Room for Improvement
Being human, we are always trying to find a way to improve our condition. We're never satisfied with the status quo.
One very important metric for improvement is life span.
I found the above graph in a paper by Marvin Minsky. It shows that only about 20% of people lived to see age 45 in ancient Rome. By 1900, 20% of people lived to just above age 70. By 1960 20% made it to age 85.
Check out that last "all diseases cured" curve. If we cure all diseases (all diseases, that is, except aging itself) 20% will make it to 95. So if you're part of that lucky 1 in 5, curing all disease would give you only 10 years more than you would have had in 1960. And the maximum life span hasn't increased at all.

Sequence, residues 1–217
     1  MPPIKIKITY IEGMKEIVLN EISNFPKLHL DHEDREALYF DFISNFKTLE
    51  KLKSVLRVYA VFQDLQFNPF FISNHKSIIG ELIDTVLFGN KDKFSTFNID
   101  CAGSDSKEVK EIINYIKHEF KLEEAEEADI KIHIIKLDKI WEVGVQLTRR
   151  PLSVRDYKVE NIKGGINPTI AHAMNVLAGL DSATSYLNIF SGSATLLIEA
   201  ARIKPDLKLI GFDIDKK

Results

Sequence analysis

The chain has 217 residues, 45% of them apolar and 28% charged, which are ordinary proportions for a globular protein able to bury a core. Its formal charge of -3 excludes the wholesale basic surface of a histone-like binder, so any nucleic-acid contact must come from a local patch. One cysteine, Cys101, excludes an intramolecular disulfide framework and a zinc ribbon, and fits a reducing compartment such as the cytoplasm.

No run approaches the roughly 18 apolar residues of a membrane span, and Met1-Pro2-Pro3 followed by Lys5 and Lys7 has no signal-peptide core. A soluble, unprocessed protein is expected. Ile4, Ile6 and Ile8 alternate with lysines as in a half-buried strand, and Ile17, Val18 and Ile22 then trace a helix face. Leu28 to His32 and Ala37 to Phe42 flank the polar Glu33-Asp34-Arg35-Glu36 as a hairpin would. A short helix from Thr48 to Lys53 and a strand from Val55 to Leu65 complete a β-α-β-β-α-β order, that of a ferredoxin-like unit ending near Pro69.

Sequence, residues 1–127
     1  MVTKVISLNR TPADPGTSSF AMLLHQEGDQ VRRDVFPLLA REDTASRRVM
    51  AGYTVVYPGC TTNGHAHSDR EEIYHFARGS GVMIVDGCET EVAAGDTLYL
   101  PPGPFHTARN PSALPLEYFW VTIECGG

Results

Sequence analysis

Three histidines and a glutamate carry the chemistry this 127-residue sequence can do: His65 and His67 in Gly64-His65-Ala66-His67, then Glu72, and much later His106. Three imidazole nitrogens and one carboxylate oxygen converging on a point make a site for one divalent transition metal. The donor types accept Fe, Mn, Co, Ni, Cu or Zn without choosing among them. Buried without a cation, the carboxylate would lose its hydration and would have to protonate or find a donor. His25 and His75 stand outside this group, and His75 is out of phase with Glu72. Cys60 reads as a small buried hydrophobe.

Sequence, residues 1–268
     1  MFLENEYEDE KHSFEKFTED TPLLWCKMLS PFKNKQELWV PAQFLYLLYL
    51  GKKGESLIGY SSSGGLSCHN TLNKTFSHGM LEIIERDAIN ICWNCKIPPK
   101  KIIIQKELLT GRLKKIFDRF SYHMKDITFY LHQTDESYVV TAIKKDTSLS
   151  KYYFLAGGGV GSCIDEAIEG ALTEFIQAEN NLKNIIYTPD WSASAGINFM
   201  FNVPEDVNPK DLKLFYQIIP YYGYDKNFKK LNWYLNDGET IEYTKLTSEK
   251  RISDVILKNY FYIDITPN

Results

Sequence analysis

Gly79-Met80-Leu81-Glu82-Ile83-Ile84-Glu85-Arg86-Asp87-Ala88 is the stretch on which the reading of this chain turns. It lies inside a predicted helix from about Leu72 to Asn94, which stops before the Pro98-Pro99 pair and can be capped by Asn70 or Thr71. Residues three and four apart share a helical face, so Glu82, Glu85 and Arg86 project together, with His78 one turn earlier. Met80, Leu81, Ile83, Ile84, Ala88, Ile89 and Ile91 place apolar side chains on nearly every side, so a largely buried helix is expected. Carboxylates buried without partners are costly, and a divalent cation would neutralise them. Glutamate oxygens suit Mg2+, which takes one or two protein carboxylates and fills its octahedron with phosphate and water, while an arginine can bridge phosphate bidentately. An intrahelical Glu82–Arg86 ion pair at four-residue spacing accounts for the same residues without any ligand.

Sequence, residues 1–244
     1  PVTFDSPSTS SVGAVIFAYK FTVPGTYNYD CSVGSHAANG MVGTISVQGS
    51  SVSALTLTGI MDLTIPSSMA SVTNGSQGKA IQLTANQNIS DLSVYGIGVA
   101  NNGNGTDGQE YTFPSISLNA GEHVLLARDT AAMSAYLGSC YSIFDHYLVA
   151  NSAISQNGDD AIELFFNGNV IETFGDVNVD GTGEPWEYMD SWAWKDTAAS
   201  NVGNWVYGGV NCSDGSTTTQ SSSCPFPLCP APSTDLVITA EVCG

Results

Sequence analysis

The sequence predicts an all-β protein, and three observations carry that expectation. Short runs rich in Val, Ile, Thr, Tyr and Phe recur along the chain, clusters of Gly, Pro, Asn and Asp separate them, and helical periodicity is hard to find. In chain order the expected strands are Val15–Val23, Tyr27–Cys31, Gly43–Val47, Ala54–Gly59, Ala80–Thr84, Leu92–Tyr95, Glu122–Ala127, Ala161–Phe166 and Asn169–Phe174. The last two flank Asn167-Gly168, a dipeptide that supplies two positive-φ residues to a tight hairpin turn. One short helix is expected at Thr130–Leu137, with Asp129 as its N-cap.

That really doesn't leave a lot of room for improvement. Significant improvement requires life extension. If you take away the whole aging problem, you'd get something like this:
Sure we'd still get hit by buses from time to time - and this graph assumes that we don't ever get any better at avoiding those risks - but at least 80% of us would make it to age 250. 20% would live 1000 years or more.
This is how we'll find room for improvement.